© 2017 Airheadsfly.com editor Marcel Burger
Featured image: A Russian Army Aviation Ka-52 Alligator during an earlier military exercise (Image © Russian Ministry of Defence)
Boeing and the US government have signed a five-year, 3.4 billion USD contract through which the Army, plus a customer outside the US, will acquire the latest Apache attack helicopter at a significant savings to taxpayers.
This is the first multi-year agreement for the Apache E variant, also dubbed Apache Guardian. The army will receive 244 remanufactured Apaches while 24 new ones will go to the international customer.
“This agreement is great news for our army, our soldiers, the American taxpayers, our industry partners and numerous international partners,” said U.S. Army Col. Joseph Hoecherl, the Apache project manager. “It is a direct result of the professional dedication and diligent efforts by government and industry teammates to provide the much needed capabilities of the world’s best attack helicopter – the AH-64E Apache – at a fair and affordable price that results in year over year savings to the taxpayer. In the hands of our trained U.S. soldiers, the Apache’s technologies and resulting capabilities are essential to Army operations around the globe.”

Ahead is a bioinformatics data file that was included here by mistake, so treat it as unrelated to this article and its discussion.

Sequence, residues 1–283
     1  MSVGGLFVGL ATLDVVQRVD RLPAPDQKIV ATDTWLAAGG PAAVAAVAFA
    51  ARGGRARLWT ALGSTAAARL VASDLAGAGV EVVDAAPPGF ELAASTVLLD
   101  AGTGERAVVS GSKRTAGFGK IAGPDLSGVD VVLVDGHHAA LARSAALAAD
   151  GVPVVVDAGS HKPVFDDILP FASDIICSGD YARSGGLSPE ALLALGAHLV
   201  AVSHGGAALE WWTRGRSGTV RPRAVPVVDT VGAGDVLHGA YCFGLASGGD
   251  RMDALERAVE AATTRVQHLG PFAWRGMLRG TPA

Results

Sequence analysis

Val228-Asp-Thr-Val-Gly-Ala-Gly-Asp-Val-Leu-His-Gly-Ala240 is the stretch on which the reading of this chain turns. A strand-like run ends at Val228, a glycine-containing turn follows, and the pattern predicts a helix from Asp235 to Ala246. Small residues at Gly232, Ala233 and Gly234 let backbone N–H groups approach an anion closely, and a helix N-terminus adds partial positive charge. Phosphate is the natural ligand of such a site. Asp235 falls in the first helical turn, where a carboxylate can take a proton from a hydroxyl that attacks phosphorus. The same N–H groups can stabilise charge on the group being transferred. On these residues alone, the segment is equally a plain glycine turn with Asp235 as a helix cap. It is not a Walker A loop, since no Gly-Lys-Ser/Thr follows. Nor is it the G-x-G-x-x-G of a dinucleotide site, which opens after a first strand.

Boeing builds the Apache in Mesa, Arizona. Deliveries of the E model began in October 2011. Seven customers outside the US have ordered this variant. Including this latest version, the US and 15 other countries have relied on the Apache during the past three decades.